Intro to Physical Theatre - DRAM6630

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Module delivery information

This module is not currently running in 2024 to 2025.


This module studies different approaches to physical training for performance. It covers examples from around the world, though developments in Europe during the twentieth century provide a focus for the module. The module is oriented towards training for 'physical theatre' – a term which emerged at the end of the twentieth century and refers to a shift away from script, playwright and linear narrative. As such naturalism and the work of Stanislavski do not fall within the remit of this module.

Students will gain valuable practical experience of physical training in weekly workshops where they will explore the fundamental principles of training the body. Indicative areas include:
• Posture, centre, balance, energy, space, tension, relaxation, sound within the body.
• Precision and clarity in movement
• Presence, spontaneity and improvisation
The module makes elementary investigations into the relationship between training and performance composition, an aspect which will be further explored in Physical Theatre 2.

Practice will be contextualised by historical and theoretical reading that explores the landscape from which the term ‘Physical Theatre’ emerged in the twentieth century. Key historical figures include: Jacques Copeau, Antonin Artaud, Edward Gordon Craig, Jerzy Grotowski, Eugenio Barba, and Jacques Lecoq, among others. Grotowski’s term ‘Poor Theatre’ is a crucial starting point for the module, and we explore how a performer might be prepared for a performance style that focuses so fully on the performer’s body in space, and the demands that come with that style. Eugenio Barba’s ideas about ‘pre-expressivity’ and the study of performer training across different cultures and disciplines are also important.


Contact hours

Total contact hours: 66
Private study hours: 234
Total study hours: 300

Method of assessment

Main assessment methods:

Written Assessment (3000 words) (40%)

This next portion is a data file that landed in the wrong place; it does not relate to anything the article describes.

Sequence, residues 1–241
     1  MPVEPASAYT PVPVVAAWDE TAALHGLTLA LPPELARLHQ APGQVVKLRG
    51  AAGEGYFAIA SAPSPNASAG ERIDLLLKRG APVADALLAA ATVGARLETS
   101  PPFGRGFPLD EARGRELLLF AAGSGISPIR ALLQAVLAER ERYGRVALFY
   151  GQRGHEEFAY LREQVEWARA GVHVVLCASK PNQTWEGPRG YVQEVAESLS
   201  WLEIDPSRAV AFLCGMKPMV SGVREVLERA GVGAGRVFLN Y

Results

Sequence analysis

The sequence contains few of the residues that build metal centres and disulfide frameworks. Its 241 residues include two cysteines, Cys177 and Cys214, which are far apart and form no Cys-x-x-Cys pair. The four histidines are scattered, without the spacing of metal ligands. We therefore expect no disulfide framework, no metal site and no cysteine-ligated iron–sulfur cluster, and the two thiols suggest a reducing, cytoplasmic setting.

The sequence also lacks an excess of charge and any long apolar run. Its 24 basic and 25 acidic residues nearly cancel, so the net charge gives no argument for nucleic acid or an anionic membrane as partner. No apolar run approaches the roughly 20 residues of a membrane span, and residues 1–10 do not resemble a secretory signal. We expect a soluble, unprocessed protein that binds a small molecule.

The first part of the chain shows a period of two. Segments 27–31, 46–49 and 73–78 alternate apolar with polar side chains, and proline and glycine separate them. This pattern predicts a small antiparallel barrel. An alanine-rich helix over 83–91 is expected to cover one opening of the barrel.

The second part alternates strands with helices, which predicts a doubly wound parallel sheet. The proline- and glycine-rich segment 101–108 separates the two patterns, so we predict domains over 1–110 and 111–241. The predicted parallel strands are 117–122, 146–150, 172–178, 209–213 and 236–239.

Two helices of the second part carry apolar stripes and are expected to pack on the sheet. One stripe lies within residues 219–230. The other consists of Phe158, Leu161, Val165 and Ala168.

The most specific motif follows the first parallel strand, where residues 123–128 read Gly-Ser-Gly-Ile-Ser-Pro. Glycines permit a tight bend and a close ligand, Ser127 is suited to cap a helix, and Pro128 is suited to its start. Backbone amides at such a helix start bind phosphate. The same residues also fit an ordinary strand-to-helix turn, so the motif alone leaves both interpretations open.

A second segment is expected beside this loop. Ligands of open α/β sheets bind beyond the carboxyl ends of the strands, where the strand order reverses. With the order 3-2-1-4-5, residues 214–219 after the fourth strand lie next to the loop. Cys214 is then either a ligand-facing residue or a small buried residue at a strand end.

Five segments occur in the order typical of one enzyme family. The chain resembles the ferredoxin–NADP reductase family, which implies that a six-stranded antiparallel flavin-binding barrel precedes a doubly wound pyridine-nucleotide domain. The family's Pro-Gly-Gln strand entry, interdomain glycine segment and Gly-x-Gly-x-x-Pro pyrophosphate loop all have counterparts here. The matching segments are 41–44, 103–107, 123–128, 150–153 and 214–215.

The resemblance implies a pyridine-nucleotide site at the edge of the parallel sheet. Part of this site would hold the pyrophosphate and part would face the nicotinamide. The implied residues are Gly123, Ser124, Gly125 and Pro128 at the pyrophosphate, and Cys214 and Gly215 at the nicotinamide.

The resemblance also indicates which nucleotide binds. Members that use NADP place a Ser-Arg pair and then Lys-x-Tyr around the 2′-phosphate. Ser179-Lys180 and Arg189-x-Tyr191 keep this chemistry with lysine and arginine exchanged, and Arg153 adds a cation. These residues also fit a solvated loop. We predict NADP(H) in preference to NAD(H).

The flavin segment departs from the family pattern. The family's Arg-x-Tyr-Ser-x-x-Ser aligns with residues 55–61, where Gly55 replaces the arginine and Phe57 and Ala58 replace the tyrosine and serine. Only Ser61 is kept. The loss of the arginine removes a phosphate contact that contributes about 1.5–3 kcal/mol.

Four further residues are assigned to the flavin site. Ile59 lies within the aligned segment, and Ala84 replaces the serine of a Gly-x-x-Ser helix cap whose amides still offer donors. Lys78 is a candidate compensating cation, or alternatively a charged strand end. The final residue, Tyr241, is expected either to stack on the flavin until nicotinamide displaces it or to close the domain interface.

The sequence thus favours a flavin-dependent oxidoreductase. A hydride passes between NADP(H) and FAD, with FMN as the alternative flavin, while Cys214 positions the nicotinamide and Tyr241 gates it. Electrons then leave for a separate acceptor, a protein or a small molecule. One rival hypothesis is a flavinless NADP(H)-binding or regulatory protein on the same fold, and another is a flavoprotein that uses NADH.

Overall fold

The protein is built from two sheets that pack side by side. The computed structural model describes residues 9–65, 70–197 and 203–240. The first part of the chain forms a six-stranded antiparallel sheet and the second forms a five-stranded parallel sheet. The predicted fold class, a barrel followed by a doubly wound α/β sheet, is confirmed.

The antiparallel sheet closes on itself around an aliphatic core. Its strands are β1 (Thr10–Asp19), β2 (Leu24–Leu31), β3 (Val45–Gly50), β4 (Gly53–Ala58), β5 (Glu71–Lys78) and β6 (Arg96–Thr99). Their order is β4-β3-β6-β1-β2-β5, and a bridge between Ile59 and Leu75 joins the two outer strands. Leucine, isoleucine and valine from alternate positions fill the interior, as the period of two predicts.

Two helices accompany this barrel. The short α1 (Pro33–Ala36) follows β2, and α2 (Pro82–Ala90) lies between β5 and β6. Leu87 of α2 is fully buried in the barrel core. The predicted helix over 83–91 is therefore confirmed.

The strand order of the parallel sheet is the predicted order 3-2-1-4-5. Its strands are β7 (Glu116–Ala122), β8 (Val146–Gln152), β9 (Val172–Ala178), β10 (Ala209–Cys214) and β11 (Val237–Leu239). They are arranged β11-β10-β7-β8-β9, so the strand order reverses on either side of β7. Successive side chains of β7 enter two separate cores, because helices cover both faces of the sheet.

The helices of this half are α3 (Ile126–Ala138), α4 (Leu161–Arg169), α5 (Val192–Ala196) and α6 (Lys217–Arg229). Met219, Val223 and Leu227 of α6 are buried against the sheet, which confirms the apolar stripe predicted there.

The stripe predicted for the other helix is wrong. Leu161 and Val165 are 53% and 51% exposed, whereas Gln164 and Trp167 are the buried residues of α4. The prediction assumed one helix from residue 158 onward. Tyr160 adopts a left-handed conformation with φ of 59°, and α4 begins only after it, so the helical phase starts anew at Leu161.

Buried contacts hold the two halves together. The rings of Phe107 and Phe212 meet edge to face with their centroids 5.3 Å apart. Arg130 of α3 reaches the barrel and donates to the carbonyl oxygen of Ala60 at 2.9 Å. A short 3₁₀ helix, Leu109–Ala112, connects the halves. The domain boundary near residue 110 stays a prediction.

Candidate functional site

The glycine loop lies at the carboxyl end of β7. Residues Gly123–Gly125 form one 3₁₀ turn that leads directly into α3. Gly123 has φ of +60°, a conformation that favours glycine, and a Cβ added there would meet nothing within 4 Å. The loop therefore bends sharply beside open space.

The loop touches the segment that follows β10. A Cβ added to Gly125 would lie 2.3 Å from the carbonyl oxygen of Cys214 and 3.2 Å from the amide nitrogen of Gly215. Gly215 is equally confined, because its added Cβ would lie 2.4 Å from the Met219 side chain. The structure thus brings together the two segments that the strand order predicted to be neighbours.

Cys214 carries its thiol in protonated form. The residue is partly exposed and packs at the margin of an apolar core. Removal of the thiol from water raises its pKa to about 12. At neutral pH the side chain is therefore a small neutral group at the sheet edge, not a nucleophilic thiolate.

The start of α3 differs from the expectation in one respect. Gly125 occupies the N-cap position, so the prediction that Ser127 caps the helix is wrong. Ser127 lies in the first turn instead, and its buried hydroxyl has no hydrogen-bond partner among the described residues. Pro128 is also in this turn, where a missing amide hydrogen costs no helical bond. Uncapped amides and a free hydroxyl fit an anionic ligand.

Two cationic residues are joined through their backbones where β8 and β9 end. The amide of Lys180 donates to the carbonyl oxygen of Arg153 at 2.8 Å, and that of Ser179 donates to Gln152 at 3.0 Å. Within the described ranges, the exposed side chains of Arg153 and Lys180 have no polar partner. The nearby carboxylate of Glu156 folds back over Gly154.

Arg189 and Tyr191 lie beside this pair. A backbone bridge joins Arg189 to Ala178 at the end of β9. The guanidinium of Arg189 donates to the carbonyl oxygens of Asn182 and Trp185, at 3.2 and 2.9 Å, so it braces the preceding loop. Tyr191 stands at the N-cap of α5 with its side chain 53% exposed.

Performance 1 (30%)
Performance 2 (30%).

Reassessment methods:
Like for Like

Indicative reading

Indicative Reading List:

Artaud, Antonin, The Theatre and Its Double, Calder and Boyars Ltd, 1970 (original translated publication is trans. Mary Caroline Richards, Grove Press, 1958)
Barba, Eugenio A Dictionary of Theatre Anthropology, Routledge, 1991
Grotowski, Jerzy Towards a Poor Theatre,(edited by Eugenio Barba), Methuen, 1976
Hodge, Alison, Actor Training, 2nd ed., Routledge, 2010
Lecoq, Jacques, Theatre of Movement and Gesture, trans. David Bradby, Routledge 2006
Oida, Yoshi, and Marshall, Lorna, The Invisible Actor, Methuen, 1997

See the library reading list for this module (Canterbury)

Learning outcomes

The intended subject specific learning outcomes.
On successfully completing the module students will be able to:

1 Develop a practical understanding of the skills required by the physical performer.
2 Learn a variety of approaches for training and developing those skills.
3. Acquire knowledge of safe and appropriate ways to warm up oneself and a group.
4. Develop skills in articulating one's observations of somatic practice both verbally in class and in writing.
5. Develop a broad understanding of the theoretical, philosophical and historical context from which Physical Theatre emerged at the end of the twentieth century.
6. Develop further insight into the relationship between training and performance.

The intended generic learning outcomes.
On successfully completing the module students will be able to:

1. Undertake autonomous and independent working practices, exercising initiative and personal responsibility and undertake independent research.
2. Demonstrate a range of communication skills through writing, discussion and practice-based work.
3. Work collaboratively in groups, utilising team structures and working methods.
4. Identify health and safety and ethical issues and undertake risk assessments.
5. Reflect on personal learning, identifying strategies for revisions and development.
6. Present coherent arguments verbally and in writing.


  1. ECTS credits are recognised throughout the EU and allow you to transfer credit easily from one university to another.
  2. The named convenor is the convenor for the current academic session.
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